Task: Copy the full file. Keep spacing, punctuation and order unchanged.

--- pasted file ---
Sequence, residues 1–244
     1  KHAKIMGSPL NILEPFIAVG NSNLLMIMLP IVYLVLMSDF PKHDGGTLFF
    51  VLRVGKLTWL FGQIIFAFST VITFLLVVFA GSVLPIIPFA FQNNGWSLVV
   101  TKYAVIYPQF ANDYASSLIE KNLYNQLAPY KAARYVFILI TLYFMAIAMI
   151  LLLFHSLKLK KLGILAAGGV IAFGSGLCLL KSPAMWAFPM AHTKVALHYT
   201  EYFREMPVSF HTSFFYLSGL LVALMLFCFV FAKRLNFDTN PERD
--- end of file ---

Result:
Sequence, residues 1–244
     1  KHAKIMGSPL NILEPFIAVG NSNLLMIMLP IVYLVLMSDF PKHDGGTLFF
    51  VLRVGKLTWL FGQIIFAFST VITFLLVVFA GSVLPIIPFA FQNNGWSLVV
   101  TKYAVIYPQF ANDYASSLIE KNLYNQLAPY KAARYVFILI TLYFMAIAMI
   151  LLLFHSLKLK KLGILAAGGV IAFGSGLCLL KSPAMWAFPM AHTKVALHYT
   201  EYFREMPVSF HTSFFYLSGL LVALMLFCFV FAKRLNFDTN PERD